If you have to remortgage or are porting your mortgage you will have to pay additional costs too, which the solicitor will pay on your behalf and then invoice you.

It’s hard to estimate how high these additional costs might be, but they could range from £100 to £1,000.

As you can see, solicitor’s fees for selling a house can be quite hefty, especially if your home has a high value. But selling a house is cheaper than buying one when it comes to legal costs. That’s because there is more work involved for the solicitor during the buying process.

When we bought our current home in 2021 we paid the following fees:

  • Conveyancing For Sale = £1,542
  • Conveyancing For Purchase = £2,118
  • Legal Search Pack = £350
  • Land Registry Fees = £141
  • Anti-Money Laundering Checks = £24
  • Other Admin Fees = £13

Grand Total (Buying & Selling) = £4,188

If we had just been selling, the fees would have amounted to around £1,600.

That means we paid much more to buy our new property than we did to sell our old one. That’s mostly down to the extra work involved when buying as our solicitor had to check everything was in order with the new house before we could proceed.

Get a conveyancing solicitor quote:

But do you need a solicitor to sell a house?

Given the price tag, you might wonder if you need to engage a solicitor when selling a house. Well, the answer is yes and no. While it’s legally possible to do your own conveyancing, it isn’t advisable.

The conveyancing process is a legal process and needs to be done correctly to avoid any issues. To ensure everything is done properly, you need either a solicitor or a licensed conveyancer to deal with the transaction.

It’s important that you don’t use the same solicitor as the homebuyer, even though they may recommend this to reduce costs because solicitors are not allowed to represent both parties. You could, however, use the same legal firm.

And while it may be tempting for a seller to save money and undertake the conveyancing process for themselves, this really is a complicated process that needs to be carried out thoroughly by professionals. So unless you are a qualified solicitor with time on your hands, don’t do it.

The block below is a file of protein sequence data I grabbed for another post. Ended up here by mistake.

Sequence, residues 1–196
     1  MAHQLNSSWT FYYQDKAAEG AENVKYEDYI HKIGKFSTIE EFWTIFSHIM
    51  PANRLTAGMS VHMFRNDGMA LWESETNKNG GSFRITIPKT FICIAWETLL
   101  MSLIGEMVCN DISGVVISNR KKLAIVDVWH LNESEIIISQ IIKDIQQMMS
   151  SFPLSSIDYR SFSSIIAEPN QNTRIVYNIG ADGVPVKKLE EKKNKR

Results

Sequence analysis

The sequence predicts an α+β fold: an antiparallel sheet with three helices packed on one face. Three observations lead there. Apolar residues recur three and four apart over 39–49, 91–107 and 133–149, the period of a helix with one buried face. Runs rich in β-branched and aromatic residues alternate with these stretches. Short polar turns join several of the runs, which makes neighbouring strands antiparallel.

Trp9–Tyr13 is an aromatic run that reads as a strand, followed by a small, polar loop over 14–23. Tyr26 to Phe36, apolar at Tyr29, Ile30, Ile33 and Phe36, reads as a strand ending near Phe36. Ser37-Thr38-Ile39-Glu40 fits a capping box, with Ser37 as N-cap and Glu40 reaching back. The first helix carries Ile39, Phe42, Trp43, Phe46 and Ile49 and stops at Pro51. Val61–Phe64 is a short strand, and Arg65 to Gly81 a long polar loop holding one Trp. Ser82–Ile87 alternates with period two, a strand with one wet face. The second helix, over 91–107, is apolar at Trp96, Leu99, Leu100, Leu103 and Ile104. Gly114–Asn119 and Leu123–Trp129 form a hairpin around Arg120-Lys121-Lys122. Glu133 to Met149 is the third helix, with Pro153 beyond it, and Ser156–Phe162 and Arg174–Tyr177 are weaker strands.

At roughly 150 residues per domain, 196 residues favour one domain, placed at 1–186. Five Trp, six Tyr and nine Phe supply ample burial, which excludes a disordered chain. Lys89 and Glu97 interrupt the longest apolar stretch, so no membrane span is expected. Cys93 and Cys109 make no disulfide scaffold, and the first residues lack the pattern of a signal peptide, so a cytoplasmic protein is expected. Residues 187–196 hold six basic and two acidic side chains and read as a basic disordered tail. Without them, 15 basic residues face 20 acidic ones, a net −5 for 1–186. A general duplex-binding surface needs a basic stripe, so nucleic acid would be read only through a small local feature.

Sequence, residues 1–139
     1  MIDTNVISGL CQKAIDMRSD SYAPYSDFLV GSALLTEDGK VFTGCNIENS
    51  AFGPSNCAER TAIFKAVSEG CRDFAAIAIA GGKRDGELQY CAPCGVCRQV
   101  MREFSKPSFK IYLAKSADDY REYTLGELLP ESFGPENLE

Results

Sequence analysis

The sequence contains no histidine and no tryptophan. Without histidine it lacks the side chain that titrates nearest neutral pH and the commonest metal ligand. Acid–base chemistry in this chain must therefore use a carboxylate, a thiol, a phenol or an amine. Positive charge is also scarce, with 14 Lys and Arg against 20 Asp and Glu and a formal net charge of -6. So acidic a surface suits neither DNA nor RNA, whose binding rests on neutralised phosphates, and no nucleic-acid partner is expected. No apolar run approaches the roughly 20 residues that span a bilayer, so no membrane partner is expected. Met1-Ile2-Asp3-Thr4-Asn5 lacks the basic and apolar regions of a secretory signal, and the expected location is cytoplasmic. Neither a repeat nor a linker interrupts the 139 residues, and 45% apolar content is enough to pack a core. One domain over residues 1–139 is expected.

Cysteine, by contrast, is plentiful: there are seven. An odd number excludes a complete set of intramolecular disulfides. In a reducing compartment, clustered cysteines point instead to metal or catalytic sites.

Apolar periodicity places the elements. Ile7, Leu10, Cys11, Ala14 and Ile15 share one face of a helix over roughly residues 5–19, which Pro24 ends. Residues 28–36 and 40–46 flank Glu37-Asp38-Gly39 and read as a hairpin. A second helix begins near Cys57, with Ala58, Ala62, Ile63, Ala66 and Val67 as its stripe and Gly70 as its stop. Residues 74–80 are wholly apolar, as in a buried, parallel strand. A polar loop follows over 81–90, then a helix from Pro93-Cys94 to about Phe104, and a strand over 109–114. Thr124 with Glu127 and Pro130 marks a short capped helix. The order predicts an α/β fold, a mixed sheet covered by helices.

The conveyancing can take up to three months for it to be completed, and a small mistake made by you could jeopardise the entire transaction.

When we bought our first home it was a very simple transaction. As first-time buyers we weren’t in a chain, and as the sellers had already moved out, they weren’t in a chain either. As a result, the conveyancing only took 8 weeks.

However, whenever we have moved and there’s been a chain involved, the process has taken anything from 12 to 20 weeks! That reflects the high solicitor fees you pay – there’s a lot of work involved!

The amount of work is also why we would never recommend DIY conveyancing. Put simply, most people will find it overwhelming and difficult. Given buying or selling a property is the biggest financial transactions you’re likely to make, it makes sense to pay good money for an expert who will ensure you’re protected legally.

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Solicitors will charge for any work undertaken

A solicitor will start working as soon as you hire him, so if the house sale falls through, you will be presented a bill to pay.

Solicitor’s fees for selling a house could potentially be quite high, so you might wonder if there is such a thing as no sale, no fee option. Or will solicitors charge if the house sale falls through?

Unlike estate agents, who might offer this option, a solicitor won’t. Since a solicitor is engaged to carry out work and will have started the process, then it’s likely you will be charged for their time and effort regardless of whether your sale transaction completes.

You will certainly be handed a bill for the cost of disbursements and other regulatory fees they have racked up.

That’s not the case for the estate agent, who only gets paid once the transaction is complete, and they collect their commission from the sale.

It’s likely you will not have to pay the full agreed amount to a solicitor because they will not have completed all the relevant work. If they have, then yes, you will need to pay for the solicitor’s bill, even though your house transaction has fallen through.

This is also the point to highlight that you will have signed a legal and binding contract with the conveyancing solicitor, known as the terms of business with an estimate of the fees and what would happen if a house purchase did not complete.

Depending on when the house sale falls through, the solicitor may have done lots of work on your behalf and claim this amount, or they may charge you 70% to 80% of the fees that were originally quoted.

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Companies offering cheap conveyancing fees for selling your house

When searching online for a firm offering ‘conveyancing fees, selling only’ then you’ll find lots of specialist firms wanting to help.

However, you will really need to check the small print to ensure that there are no hidden charges or costs that you will have to pay in conveyancing fees when selling your home.